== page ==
Utah senior running back Joe Williams told me his personal goal for this season is to run for 1,500 yards and 10 touchdowns. A 1,500 yard season would put Williams in the company of John White IV who rushed for 1,519 (the school record) in 2011 and Devontae Booker who totaled 1,512 rushing yards in 2014. Booker, White, and Williams all came to Utah via junior colleges, and Utah has a strong tradition of junior college running backs performing well.
Why we think he can
After Booker went down with an injury in 2015, Williams started three games, against UCLA, Colorado, and BYU. In those three games, Williams averaged 133 yards per game. This is a limited sample size of only three games, but he would gain almost 1,600 yards in the 12 game regular season if he managed to gain roughly 133 yards per game. He did this after being the backup for most of the season behind Booker. With an entire offseason to get comfortable in the Utah offense as a starter. Williams has Dennis Erickson as his position coach. The biggest knock on Williams last season was that he had a fumbling problem. It is important to remember that so did Booker, which is why he was not the starter at the beginning of the 2014 season. Erickson helped Booker clean up his fumbling problem and can likely do the same with Williams.
Utah figures to have one of the best offensive lines in the conference in 2016. Couple that with the fact that many of the top front seven players from Pac-12 last season have departed for the NFL, and Williams could be in for a big season. Williams has put on weight and is up to 208 pounds according to head coach Kyle Whittingham. He also posted the fasted 40-yard dash time in offseason condition with a blazing 4.35 (his 40 was hand timed, but a 4.35 40 time is faster than any running back at the 2016 NFL Combine posted). A back with his size and speed is a home run threat on every carry, especially paired with a great offensive line.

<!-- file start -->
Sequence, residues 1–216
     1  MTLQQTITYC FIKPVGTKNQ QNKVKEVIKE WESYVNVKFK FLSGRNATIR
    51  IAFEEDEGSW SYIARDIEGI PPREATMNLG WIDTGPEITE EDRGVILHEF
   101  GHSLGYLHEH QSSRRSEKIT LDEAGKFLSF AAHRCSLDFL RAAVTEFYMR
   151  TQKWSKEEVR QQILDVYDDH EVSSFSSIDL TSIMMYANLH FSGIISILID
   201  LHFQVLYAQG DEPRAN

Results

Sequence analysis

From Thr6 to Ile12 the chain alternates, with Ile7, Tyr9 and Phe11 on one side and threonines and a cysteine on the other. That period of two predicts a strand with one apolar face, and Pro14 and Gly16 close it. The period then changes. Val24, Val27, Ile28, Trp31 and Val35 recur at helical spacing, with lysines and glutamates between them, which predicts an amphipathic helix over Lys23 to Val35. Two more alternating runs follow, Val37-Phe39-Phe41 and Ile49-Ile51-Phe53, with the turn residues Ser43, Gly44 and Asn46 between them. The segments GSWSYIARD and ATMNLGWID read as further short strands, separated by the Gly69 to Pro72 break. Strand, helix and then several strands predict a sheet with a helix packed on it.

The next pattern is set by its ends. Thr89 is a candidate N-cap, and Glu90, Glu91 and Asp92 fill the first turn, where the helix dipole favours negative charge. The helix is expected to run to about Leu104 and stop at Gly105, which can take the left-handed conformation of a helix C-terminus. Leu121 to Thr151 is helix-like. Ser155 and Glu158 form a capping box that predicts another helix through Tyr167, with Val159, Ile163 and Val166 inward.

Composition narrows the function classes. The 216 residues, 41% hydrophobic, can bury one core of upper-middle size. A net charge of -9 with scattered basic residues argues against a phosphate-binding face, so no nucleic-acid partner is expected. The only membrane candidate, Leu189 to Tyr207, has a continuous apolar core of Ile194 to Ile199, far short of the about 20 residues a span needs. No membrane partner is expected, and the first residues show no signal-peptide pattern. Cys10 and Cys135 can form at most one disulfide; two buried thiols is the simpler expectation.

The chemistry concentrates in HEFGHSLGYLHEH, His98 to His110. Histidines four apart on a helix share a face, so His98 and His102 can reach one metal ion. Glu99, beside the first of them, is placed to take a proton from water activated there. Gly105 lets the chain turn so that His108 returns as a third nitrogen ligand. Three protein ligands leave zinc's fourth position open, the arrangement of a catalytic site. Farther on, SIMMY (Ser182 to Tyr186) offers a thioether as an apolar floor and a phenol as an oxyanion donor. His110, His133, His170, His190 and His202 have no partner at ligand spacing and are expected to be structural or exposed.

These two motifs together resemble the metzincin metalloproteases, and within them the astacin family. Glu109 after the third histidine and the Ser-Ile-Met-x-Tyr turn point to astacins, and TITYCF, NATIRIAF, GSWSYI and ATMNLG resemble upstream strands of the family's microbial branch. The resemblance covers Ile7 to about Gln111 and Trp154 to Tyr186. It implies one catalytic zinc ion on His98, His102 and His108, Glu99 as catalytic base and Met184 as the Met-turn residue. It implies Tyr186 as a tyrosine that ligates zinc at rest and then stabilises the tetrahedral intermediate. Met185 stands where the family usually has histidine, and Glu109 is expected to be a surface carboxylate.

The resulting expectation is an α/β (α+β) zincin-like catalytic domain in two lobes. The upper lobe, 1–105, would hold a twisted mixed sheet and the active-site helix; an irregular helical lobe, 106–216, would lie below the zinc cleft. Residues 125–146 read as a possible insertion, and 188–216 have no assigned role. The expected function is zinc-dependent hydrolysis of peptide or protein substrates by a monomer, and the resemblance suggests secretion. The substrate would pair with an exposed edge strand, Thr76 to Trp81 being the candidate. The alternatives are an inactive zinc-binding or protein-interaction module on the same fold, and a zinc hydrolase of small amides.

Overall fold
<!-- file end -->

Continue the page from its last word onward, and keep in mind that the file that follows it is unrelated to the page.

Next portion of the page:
Why we think he may not
With Troy McCormick and Zack Moss both impressing coaches during fall camp, Utah will likely divvy up carries more this year compared to with Booker and White getting heavy carry loads. Coaches have admitted they may have beaten up Booker a bit too much with his huge carry load in 2014 and 2015. The Utah offense will also look to be a bit more balanced in 2016 compared to seasons past. Whittingham has said the goal is to be a balanced 50:50 run:pass offense in 2016. Because of these factors, I do not expect Williams to see the 25 to 30 carries a game that Booker and White frequently got (Booker led the Pac-12 in carries per game in 2014 and 2015 and White led the Pac-12 in 2011). 20 carries a game seems more likely for Williams. 20 carries per game is still a big number and would put Williams in the top three or four in the Pac-12 in carries per game. In the three games that Williams started, he averaged 4.69 yards per carry. If we assume his yards per carry is similar to that in 2016 and he gets 20 carries a game, he will gain roughly 1,100 to 1,200 yards in the 12 game regular season. To gain 1,500 yards in 12 games, a running back needs to average 125 yards per game. If a back carries the ball 20 times per game, they need to average 6.25 yards per carry (if bowl game stats are included a back needs 115 yards per game and 5.77 yards per carry). Since the Pac-10 expanded to 12 teams in 2011, there have never been more than four running backs in the conference that have eclipsed 1,500 yards (including bowl game stats), and more often than not, only two or three backs total that much yardage.
A 1,500 yard season would be a great accomplishment for Williams. I believe he can hit that mark for the reasons stated above though it will not be easy. If he does, his 2016 season will be remembered as one of the best in Utah football history.